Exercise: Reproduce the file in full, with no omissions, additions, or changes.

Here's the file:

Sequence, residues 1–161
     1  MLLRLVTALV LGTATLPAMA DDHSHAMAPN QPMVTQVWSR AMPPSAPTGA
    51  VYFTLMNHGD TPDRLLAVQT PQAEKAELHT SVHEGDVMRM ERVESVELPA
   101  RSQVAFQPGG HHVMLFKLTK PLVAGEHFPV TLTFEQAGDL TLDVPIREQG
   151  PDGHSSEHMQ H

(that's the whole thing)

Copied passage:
Sequence, residues 1–161
     1  MLLRLVTALV LGTATLPAMA DDHSHAMAPN QPMVTQVWSR AMPPSAPTGA
    51  VYFTLMNHGD TPDRLLAVQT PQAEKAELHT SVHEGDVMRM ERVESVELPA
   101  RSQVAFQPGG HHVMLFKLTK PLVAGEHFPV TLTFEQAGDL TLDVPIREQG
   151  PDGHSSEHMQ H